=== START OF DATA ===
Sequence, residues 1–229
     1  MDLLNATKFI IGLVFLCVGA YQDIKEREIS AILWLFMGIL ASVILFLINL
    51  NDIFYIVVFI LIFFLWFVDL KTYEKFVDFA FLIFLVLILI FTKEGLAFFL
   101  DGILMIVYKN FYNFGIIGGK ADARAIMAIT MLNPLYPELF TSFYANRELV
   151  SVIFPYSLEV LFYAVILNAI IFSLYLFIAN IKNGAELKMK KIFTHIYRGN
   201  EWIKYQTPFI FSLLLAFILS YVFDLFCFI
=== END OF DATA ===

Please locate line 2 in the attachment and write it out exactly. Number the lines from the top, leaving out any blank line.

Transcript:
     1  MDLLNATKFI IGLVFLCVGA YQDIKEREIS AILWLFMGIL ASVILFLINL